Sometimes I try too hard. Like the time I listened to Handel for six months and nothing else. What was the point? Nobody cared and it's not like U2 hadn't just released The Joshua Tree. In the end I crawled back, hungry for the familiar on whatever terms it offered. Mostly she didn't get it but she did ask once "for what is the forest is a substitute?" We both thought the answer was my mother but it was actually noticing what clarifies when your church is trees. Suite in D Minor, HWV 437 is a lifetime in certain darknesses. Lifeline? You can stumble a long time before you realize the problem is insisting on signs at all. Ramana Maharshi had it easy! I used to say scatter my ashes on Ascutney but now I say mix me with a bright tempura, paint some rocks and leave 'em here and there in the woods. It's not the notes nor even how they've been arranged but what passes between them nameless. Even now. Even now.

We Didn't Hurry (Even Though it Rained)

The end will be grotesque. Endings always are. 

What I remember most about our first date - coffee in the Fire and Water Cafe after seeing Little Buddha at the Pleasant Street Theater - is you humming walking back to the car. That and how we didn't hurry even though it rained. 

The calf died choking to death on brandy. My father forced its head back while I watched from the basement stairs. I was not allowed to be near the calf while it died, much less hope it might be saved. I did help dig its grave. It was wrapped in burlap and we laid it on the wet grass while we worked. 

Dad himself died slowly over several weeks, mulling and dispensing orders about minor things we all promised to obey (e.g., who should get this pocket knife, who should get that crucifix). It was pathetic but on the other hand only a liar would promise to do better. He was given the same order I was as a child -  you fix this - and since kids can't fix anything, he learned how to stand a continuous wreckage. 

The trivial becomes nontrivial, what else.  

A day or so before he died, Dad mumbled "water" and I thought he said "God." I know, I know. But for a moment it seemed the whole promise of his suffering - which by extension and long-standing argument was the Suffering of the World - was about to be dissolved in God, Who is Love. 

In that moment, Dad's expasperation with me briefly animated the corpse he was almost finished becoming. Everybody laughed at me the way you do when the only other thing to laugh at is death, which isn't allowed. Every now and again somebody will bring it up: the time Dad was dying and asked for water and Sean tried to make it about religion. Only now do I get it, i.e., everyone's doing the best they can, maybe it's not your job to fix it.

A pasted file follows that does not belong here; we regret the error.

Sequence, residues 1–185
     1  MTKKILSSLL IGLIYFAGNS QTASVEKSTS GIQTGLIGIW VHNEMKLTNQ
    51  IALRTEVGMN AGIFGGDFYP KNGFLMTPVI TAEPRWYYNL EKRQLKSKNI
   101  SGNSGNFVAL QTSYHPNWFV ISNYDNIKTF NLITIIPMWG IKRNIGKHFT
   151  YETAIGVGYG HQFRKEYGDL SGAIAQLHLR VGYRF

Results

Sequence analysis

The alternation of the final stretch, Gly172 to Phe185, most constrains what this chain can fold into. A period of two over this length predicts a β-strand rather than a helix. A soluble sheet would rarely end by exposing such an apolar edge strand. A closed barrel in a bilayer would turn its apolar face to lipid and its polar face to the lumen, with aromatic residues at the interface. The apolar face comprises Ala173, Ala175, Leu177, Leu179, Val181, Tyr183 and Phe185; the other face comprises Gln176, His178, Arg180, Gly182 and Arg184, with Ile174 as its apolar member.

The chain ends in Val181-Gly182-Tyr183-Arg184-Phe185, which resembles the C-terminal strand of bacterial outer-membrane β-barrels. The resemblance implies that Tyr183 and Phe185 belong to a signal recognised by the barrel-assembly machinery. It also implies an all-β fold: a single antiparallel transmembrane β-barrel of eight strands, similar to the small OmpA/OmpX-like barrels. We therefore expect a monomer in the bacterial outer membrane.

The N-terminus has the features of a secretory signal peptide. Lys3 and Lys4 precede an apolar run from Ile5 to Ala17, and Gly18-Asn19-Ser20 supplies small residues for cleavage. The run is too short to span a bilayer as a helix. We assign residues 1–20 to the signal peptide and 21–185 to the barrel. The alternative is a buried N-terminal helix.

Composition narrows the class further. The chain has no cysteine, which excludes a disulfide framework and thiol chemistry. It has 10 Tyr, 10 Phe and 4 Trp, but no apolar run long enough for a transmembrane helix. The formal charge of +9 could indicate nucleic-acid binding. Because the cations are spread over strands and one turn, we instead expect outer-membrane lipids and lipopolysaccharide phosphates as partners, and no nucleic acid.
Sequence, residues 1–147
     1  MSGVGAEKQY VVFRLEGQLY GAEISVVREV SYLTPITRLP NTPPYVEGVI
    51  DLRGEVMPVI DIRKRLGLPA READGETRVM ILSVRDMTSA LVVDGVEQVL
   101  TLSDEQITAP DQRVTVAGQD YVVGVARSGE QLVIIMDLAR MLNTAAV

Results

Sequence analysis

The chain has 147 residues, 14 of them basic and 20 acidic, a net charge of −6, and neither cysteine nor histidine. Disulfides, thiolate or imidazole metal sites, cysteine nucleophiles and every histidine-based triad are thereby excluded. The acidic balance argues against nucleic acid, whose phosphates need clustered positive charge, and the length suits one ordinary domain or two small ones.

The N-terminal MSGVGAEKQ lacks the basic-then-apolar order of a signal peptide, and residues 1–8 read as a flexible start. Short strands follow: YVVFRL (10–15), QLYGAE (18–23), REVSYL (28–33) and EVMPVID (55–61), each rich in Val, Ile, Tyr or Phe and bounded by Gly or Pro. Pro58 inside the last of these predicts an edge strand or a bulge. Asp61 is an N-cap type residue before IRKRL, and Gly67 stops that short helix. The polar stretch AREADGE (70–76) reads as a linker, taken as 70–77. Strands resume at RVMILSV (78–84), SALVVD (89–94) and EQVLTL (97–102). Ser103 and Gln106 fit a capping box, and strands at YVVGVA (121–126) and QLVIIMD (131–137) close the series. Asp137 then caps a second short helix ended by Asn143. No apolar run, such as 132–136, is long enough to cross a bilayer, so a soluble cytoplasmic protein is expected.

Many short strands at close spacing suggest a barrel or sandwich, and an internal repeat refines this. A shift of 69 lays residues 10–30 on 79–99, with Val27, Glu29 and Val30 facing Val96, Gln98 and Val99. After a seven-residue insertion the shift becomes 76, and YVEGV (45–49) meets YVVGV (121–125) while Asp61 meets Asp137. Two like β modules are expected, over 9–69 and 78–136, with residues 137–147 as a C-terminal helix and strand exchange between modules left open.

My own death involves a diner where everybody leaves me alone because they know I'm only there to write. The waitress, who is my age, never says a word pouring the coffee. I just write and write and write until one day there is nothing left to write. A light goes on and it begins to rain. The waitress takes my hand and we leave together, the end. 

Elision is not a Crisis

Can we agree to at least try to have no secrets?

Earlier this week the moon was a faint sliver behind rain clouds. Sophia and Fionnghuala were talking about racism in YA fantasy and I was happy listening even though I was often confused. This was near the bend in Route Nine where the river deepens and people sometimes park to fish. 

My favorite time of day is about 6:30 because that is when Chrisoula and I sit with our tea and talk. Actually we stand (and one of us drinks coffee) but our souls sit. Our souls sit side by side at an ancient stone table and all the red birds and turtles we've ever known gather round to bless us. The kitchen is warm and full and we are both very happy.

Robert encourages me to try something new with the twenty sentences (sort of like Jasper asking what happens if you make it twenty-one). He suggests less emphasis on form and more on narrative. He says "tell a different story" a lot. Something is being elided but elision is not a crisis. I said that, not Robert.

When I asked Chrisoula about the Man-without-Shoes she said "who?" In that moment it was clear that the cross was optional, a self-imposed crucifixion fooling nobody, so I gave up and climbed down. How lucky to find the one who does not wish us crucified but how much luckier to find the one who doesn't even know there is a cross!

Related: when I was little and had to wash dishes, the water was scalding so I asked which spigot made it cold. My grandmother refused to show me, saying "Reagans know how to handle pain." In my family that is a story about love so I washed dishes that way for fifty years until this morning when Chrisoula said impatiently "your grandmother was a mean drunk" and turned the cold water on. 

Can I tell you a story about love
you just did 

Heart Broke Anyway

tell me about the fear

What was ordinary terrified me. I understood early that evil was banal. It didn't have enemies, only accomplices. The calf died because my father was indifferent to its survival. Nobody taught him to notice, much less fix, this incapacity for love. I was four when the calf escaped into the forest. Why didn't we look for it? What prayer to what god brought it back the next day trembling with fever? Who decided brandy was the medicine? I watched everything from an assigned distance until it was time to dig the grave and then I learned what my father couldn't face. How bad does it have to get for a man to forget he has a son? I dreamed of a world that existed beyond the reach of this one, a world where nothing died or ran away. Those dreams buffered me against losses that were otherwise unmanageable but my heart broke anyway. Here I am, half a century later, wondering how to end this poem. Thinking it matters. Missing what does.

october sky
kneeling at graves
nobody visits